|Bhuvan Mohan Roy|
|Chief of the Chakma Circle|
|Reign||7 May 1897 - 16 July 1933|
|Predecessor||Raja Harish Chandra Rai|
Chittagong Hill Tracts, British India
|Died||1934 (aged 57–58)|
|Father||Raja Harish Chandra Rai Bahadur|
He was born in 1876 to Raja Harish Chandra Rai Bahadur, Chief of the Chakma Circle. After the death of his father in 1885, the Court of Wards assumed the administration of the estate and the Chakma Circle, Bhuvan Mohan being a minor.
Bhuvan Mohan Roy was installed as Chief of the Chakma Circle on 7 May 1897, in recognition of which he received the personal title of Raja. In 1898, he established a Buddhist monastery, Sonaichari Rajvihar, at Sonaichari in what is now Rangunia Upazila. Dashabal Raj Bouddha Vihar was also established under his patronage. He attended the Delhi Durbar of December 1911.
James Philip Mills, an Indian Civil Service officer tasked in 1926–1927 with investigating how the Bengal Government could best use the Chittagong Hill Tracts Chiefs in the administration, wrote of him:
Raja Bhuban Mohan Ray is in character both obstinate and weak ... He is unpopular with his own tribe, as Chakmas of position have told me in private conversation. His people say that he takes no interest in them, and they only regard him as a troublesome individual who takes their money ... He was always eager to talk about dignities and the smallness of his income as compared with what he deserved, but never about duties. He regards the Chakmas merely as a mine to be worked for his benefit; and his vanity is beyond belief. I can find no record that he ever on any occasion aided Government with any valuable advice ... His love of Bengali culture has antagonised the respectable and conservative elements in the tribe. He lives in Bengali style, entirely surrounded by Bengalis ... and he has married his two eldest sons to Bengali ladies, a thing unprecedented in the tribe.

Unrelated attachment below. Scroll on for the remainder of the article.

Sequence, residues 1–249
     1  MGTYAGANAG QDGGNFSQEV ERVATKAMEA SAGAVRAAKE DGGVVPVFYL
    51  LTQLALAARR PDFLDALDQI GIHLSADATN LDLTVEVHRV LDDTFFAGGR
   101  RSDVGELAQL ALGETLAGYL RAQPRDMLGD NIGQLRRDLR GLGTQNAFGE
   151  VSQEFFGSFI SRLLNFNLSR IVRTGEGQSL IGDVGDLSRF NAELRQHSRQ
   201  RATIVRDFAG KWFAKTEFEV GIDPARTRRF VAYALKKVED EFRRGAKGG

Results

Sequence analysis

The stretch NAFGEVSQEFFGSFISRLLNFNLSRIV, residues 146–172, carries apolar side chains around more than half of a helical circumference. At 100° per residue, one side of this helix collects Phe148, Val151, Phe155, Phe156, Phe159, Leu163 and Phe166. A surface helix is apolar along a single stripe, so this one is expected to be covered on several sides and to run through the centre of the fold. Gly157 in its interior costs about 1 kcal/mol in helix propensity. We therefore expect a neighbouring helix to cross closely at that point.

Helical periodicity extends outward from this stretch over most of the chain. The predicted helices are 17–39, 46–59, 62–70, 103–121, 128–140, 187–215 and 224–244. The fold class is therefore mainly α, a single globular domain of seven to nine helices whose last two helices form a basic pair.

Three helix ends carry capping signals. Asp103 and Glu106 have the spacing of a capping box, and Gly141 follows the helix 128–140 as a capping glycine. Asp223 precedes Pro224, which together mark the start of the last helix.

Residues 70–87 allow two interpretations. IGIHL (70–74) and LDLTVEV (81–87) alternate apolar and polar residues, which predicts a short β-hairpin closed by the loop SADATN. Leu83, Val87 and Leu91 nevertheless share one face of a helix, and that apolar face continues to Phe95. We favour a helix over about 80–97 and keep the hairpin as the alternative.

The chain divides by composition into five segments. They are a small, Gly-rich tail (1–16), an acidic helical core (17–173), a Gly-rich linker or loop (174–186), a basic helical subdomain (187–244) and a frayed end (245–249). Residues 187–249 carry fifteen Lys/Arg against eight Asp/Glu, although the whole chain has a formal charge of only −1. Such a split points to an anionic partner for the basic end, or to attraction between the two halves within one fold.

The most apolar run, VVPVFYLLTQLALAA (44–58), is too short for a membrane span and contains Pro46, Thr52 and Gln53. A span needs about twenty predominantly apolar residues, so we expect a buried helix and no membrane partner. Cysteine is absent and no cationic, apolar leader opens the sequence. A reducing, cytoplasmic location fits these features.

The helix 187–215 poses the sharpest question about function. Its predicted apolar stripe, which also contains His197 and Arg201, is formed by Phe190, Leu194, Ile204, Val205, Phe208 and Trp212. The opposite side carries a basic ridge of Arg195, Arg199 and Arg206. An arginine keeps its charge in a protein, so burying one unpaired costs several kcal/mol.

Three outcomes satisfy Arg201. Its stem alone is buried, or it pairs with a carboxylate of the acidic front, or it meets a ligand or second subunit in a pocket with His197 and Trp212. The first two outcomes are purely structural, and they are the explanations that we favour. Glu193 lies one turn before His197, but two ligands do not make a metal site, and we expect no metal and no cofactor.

- Chakma, Kabita; Hill, Glen (2016). "Politics of the Orphans of War". In D'Costa, Bina (ed.). Children and Violence: Politics of Conflict in South Asia. Cambridge University Press. p. 138. ISBN 978-1-316-67399-7.
- The Imperial Coronation Durbar (Illustrated), Delhi, 1911. Vol. II. Lahore: The Imperial Publishing Co. 1913. p. 252.
- Ishaq, Muhammad, ed. (1971). Bangladesh District Gazetteers: Chittagong Hill Tracts (PDF). Dacca: Ministry of Cabinet Affairs, Establishment Division. p. 36. Archived from the original (PDF) on 2017-09-21. Retrieved 2017-09-20.
- Hutchinson, Robert Henry Sneyd (1906). An Account of the Chittagong Hill Tracts. Bengal Secretariat Book Depot. p. 94.
- Barua, Dilip Kumar; Barua, Shantu; Wakahara, Yusho; Okamoto, Kensuke (2015). Directory of Buddhist Monasteries in Bangladesh (A Provisional Edition) (PDF). Kyoto: Research Center for Buddhist Cultures in Asia.
- Mey, Wolfgang (2009). J.P. Mills and the Chittagong Hill Tracts, 1926/27: Tour Diary, Reports, Photographs (PDF). Heidelberg University. pp. 15, 87–88.
- Chowdhury, Tamina M. (2016). Indigenous Identity in South Asia: Making Claims in the Colonial Chittagong Hill Tracts. Taylor & Francis. p. 139. ISBN 978-1-317-20293-6.